'Free banking' deals can cost students dear
STUDENTS ARE being warned to compare current account charges before signing up to banking deals.
The National Consumer Agency (NCA) has said while banks may offer “free banking” to students, interest and penalties on overdrafts and other items can be substantial. The agency is urging students to compare the deals marketed at them, checking charges before opening an account.
“Although all banks offer free banking for students, all student accounts carry charges if you don’t have enough money in your account to meet direct debits or other payments,” said Ann Fitzgerald, chief executive of the NCA.
“Students need to compare all options available to them before they choose an account and not just pick the account with the best incentive,” she said. In a comparison of student current accounts offered by four Irish banks, the NCA found interest charged on student overdrafts varied from 0 per cent on AIB’s Student Plus and Ulster Bank’s student account, up to certain limits, to 11.9 per cent and 14.8 per cent respectively with Bank of Ireland and Permanent TSB.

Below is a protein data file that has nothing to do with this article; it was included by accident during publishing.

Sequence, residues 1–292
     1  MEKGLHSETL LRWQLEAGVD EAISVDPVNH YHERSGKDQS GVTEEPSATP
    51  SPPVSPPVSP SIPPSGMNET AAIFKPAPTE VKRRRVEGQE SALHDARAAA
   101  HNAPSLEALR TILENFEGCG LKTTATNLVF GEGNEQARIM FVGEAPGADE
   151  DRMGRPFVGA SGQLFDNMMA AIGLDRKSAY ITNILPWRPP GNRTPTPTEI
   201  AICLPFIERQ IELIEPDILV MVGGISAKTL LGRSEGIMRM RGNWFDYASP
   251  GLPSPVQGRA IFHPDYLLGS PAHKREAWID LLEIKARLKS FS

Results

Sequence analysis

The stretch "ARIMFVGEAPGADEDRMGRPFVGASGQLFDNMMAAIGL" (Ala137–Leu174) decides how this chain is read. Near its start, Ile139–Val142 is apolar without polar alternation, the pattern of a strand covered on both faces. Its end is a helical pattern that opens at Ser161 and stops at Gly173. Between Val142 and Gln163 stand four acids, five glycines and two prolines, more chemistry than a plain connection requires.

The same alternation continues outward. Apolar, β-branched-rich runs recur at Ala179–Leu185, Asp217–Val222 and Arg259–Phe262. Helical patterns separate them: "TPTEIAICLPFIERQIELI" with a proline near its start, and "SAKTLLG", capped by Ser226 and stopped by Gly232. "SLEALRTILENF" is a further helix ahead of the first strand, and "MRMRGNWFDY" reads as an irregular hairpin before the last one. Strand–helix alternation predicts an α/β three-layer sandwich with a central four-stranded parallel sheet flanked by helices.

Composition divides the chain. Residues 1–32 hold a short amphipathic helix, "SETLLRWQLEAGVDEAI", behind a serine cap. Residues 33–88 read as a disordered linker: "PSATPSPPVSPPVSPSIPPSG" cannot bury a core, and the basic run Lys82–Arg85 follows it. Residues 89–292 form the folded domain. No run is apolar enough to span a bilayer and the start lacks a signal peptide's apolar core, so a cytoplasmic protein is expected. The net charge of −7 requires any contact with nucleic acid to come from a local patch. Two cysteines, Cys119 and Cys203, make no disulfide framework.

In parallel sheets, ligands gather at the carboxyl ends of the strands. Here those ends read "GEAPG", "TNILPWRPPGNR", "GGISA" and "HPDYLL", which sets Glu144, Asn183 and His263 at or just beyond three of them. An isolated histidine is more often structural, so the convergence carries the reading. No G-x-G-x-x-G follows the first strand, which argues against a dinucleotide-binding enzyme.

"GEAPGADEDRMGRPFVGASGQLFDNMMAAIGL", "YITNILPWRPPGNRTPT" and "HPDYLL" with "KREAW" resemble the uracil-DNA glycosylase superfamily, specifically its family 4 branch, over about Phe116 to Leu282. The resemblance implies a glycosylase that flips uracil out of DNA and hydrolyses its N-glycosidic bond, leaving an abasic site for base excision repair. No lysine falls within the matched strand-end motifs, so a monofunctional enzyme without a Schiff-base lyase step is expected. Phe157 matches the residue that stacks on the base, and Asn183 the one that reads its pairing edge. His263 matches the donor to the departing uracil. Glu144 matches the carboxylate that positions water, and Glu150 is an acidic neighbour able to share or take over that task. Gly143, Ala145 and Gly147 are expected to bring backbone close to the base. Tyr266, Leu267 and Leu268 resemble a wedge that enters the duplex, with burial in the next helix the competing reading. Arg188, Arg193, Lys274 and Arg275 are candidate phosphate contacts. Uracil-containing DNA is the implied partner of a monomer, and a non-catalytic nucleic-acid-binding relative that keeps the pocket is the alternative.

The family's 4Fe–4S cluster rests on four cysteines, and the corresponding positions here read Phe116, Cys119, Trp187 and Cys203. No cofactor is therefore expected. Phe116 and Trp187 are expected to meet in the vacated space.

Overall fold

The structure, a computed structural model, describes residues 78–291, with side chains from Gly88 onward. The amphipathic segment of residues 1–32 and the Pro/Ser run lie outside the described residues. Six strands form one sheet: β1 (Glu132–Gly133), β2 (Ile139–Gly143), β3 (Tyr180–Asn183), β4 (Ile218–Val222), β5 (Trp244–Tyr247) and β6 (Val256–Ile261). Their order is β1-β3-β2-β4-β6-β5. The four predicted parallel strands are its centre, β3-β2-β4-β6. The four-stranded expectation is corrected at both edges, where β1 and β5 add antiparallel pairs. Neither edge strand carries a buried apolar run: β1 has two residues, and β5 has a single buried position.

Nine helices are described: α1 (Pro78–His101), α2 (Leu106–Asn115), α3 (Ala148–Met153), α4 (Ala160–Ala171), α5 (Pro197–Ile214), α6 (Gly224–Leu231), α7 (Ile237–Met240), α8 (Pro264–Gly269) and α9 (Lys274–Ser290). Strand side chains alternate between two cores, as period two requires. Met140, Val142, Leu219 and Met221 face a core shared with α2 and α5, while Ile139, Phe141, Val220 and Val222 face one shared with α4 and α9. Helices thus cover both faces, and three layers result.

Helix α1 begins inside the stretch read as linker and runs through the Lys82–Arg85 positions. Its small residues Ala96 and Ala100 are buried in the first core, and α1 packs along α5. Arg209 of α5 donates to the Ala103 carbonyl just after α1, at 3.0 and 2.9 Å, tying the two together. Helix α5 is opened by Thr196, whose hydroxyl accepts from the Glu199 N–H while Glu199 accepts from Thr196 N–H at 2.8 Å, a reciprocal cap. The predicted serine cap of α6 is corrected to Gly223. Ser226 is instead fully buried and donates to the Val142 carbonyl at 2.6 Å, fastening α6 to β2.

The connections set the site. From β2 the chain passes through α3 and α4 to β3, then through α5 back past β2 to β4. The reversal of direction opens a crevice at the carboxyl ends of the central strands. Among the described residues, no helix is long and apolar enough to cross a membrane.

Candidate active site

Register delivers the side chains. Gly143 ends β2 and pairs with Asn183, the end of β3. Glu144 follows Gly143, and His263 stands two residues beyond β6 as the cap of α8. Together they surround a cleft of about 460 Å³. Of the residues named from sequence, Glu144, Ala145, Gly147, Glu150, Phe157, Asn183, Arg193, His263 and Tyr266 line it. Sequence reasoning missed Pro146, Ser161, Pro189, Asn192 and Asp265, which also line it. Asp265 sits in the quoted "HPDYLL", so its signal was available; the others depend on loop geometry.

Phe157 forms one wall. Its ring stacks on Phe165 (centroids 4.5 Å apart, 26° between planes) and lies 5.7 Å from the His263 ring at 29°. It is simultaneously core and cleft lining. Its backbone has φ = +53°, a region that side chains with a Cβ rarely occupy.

In the case of an unauthorised overdraft, where a student exceeds their overdraft limit or does not have an overdraft, surcharged interest is highest with AIB and Permanent TSB, at 12 per cent, and lowest with Bank of Ireland, at 7.2 per cent.
Where a student writes a cheque or makes a direct debit for which there are insufficient funds, those with Bank of Ireland and Ulster Bank are penalised most with a charge of €12.70, while those with AIB and Permanent TSB are charged €10.
Warning students about such charges, Ann Fitzgerald said: “As most students are on a tight budget, having to pay an unexpected charge on their account of up to €12.70 could be more than they can afford.”
She said keeping track of your account was particularly important for those sharing accommodation who might have responsibility for a utilities direct debit.
Where a student customer lodges a cheque that bounces, Permanent TSB charges a penalty of €10, AIB €4.44 and Bank of Ireland €3.30, while there is no charge with Ulster Bank.
The NCA is advising those students taking out a loan to be extra cautious about its term and their ability to repay it, as poor money management in college may affect their future borrowing ability.
“Be aware that if you miss repayments, or fail to clear a loan or credit card, it will show up on your credit history for five years after the loan is closed and this may affect your ability to get a loan in the future,” Ms Fitzgerald said.
She said with living costs amounting to up to €7,800, many students were on a tight budget.
Bank charge comparisons and budgeting advice for students are available on nca.ie.